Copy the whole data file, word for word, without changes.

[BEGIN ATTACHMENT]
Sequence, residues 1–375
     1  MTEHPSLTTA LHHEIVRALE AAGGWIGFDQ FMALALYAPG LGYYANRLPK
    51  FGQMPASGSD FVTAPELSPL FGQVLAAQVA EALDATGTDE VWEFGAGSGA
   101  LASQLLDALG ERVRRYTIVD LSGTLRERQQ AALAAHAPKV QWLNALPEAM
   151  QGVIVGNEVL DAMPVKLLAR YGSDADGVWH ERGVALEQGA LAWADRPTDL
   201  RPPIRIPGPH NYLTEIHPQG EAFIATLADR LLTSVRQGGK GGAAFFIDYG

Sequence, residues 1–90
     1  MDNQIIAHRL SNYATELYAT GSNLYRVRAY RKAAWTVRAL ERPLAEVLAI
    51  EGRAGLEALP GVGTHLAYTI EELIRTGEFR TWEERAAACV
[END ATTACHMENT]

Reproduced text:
Sequence, residues 1–375
     1  MTEHPSLTTA LHHEIVRALE AAGGWIGFDQ FMALALYAPG LGYYANRLPK
    51  FGQMPASGSD FVTAPELSPL FGQVLAAQVA EALDATGTDE VWEFGAGSGA
   101  LASQLLDALG ERVRRYTIVD LSGTLRERQQ AALAAHAPKV QWLNALPEAM
   151  QGVIVGNEVL DAMPVKLLAR YGSDADGVWH ERGVALEQGA LAWADRPTDL
   201  RPPIRIPGPH NYLTEIHPQG EAFIATLADR LLTSVRQGGK GGAAFFIDYG

Sequence, residues 1–90
     1  MDNQIIAHRL SNYATELYAT GSNLYRVRAY RKAAWTVRAL ERPLAEVLAI
    51  EGRAGLEALP GVGTHLAYTI EELIRTGEFR TWEERAAACV